Perhaps no other day highlights the difference in the temperament between myself and my occasional traveling companion, Ed, than this February 14th.
Or, you could say that this day offers an opportunity to find common ground.
Valentine’s Day. You can’t get Ed to say one good word about it. And before you swear allegiance to this anti-Hallmarkian stance, let me throw in that there are no kind words offered by him toward Christmas or Thanksgiving or even birthdays.
Oh, wouldn’t it be simple and grand if I disliked all the above as well! But I don’t.
We wake up to a beautiful day. Happy Valentine’s Day.
Working on matters of budget and taxes I come to a critical point where I realize that a wrench has been thrown into my calculations, terribly upsetting budget projections for the year ahead.
This day is not looking happy.
I flush out my options and I have a sympathetic ear in my traveling buddy.
In the end, I'm able to put it aside. The sun is piercing. I want to head out. I haven’t much time – there’s so much to read, so much to absorb for work – and yet I feel that a few outdoor hours would be a wise investment.
Loving yesterday’s hike along Lake Mendota, I suggest we give the other lake (Lake Monona) equal time.
We start out at the edge, where the fishermen hang out.
...Where little boys follow their dads, finding pleasure in just scooping out snow and ice from the drilled holes.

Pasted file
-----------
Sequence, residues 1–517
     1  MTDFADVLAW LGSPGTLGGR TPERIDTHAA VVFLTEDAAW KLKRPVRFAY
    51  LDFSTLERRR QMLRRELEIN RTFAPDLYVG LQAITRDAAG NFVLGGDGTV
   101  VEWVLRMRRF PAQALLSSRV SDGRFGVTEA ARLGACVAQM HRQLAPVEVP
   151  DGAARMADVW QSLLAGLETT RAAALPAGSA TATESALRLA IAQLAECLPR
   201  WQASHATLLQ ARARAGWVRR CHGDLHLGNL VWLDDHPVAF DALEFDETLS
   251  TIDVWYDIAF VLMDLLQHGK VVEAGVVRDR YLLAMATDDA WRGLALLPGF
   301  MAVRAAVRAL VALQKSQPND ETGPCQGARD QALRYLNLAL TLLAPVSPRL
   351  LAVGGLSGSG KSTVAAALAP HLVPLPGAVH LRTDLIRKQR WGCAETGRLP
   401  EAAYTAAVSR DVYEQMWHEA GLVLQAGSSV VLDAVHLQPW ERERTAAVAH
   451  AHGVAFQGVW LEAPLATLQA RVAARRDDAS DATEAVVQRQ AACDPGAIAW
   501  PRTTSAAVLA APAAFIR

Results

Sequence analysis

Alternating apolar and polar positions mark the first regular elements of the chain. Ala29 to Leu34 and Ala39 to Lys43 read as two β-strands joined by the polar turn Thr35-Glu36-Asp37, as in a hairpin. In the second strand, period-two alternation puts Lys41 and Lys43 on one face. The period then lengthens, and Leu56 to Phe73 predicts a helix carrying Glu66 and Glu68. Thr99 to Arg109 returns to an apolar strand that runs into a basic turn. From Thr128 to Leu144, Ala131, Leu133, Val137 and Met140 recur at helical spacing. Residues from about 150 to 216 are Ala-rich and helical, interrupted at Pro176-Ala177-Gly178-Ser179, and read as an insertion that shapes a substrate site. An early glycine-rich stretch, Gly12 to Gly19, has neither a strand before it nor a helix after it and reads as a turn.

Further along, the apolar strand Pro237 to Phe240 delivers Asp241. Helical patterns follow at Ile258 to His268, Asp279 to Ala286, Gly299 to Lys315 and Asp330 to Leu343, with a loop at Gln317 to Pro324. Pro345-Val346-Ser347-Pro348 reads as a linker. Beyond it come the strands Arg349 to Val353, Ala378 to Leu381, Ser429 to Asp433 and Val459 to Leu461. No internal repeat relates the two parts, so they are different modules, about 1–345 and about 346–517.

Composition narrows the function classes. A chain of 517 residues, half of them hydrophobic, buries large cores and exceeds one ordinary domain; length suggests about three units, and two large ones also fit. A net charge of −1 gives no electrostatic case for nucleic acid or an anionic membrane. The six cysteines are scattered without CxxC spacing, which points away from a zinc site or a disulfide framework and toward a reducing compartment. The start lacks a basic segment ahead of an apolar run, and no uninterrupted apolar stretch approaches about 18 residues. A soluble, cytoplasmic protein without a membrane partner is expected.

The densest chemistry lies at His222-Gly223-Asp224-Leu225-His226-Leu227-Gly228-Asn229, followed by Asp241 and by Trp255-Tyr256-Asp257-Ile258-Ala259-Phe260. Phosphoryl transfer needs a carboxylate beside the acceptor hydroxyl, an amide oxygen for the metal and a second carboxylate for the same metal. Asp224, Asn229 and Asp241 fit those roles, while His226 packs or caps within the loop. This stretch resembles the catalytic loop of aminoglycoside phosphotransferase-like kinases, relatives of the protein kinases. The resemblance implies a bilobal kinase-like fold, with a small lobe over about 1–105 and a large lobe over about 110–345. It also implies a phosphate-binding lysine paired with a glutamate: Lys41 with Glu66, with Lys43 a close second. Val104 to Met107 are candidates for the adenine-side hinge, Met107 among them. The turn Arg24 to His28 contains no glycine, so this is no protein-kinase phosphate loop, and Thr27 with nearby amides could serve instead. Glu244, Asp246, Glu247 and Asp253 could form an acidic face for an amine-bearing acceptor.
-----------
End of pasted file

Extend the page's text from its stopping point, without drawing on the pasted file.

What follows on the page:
Why are they all leaving now, at the height of the afternoon? – Ed asks.
Probably heading home, with roses for the women.
We make our way across Lake Monona in brilliant sunshine. It’s quiet here. The city is removed.
This is what Ed and I do well: we walk through snow in the quiet of a day. Even as I know that once off the lake, I'll have to take stock of what's around me.
Or, maybe I'll forget the rough edges. Maybe all will feel beautifully serene.
The hike back is straight into the wind. I’m okay with that. Wind wipes out angst.
Later, we stop at Barrique’s for a coffee and perhaps this should be my Valentine’s moment. Because it has a heart, delivered.
At Trader Joe’s Ed asks – do you want Cava for tonight? (Cava is inexpensive bubbly.)
In the afternoon, Ed goes back to care for his cats and I work on my law classes.
The day is nearly done. I take a moment to make soup for us and pour the Cava. The Winter Olympics are on, but Ed tunes out, as I follow my longstanding love affair with these games.
Love. Not even I can find solace in a Valentine’s insistence on it. But looking back, I find no fault with this day. Which is a good thing.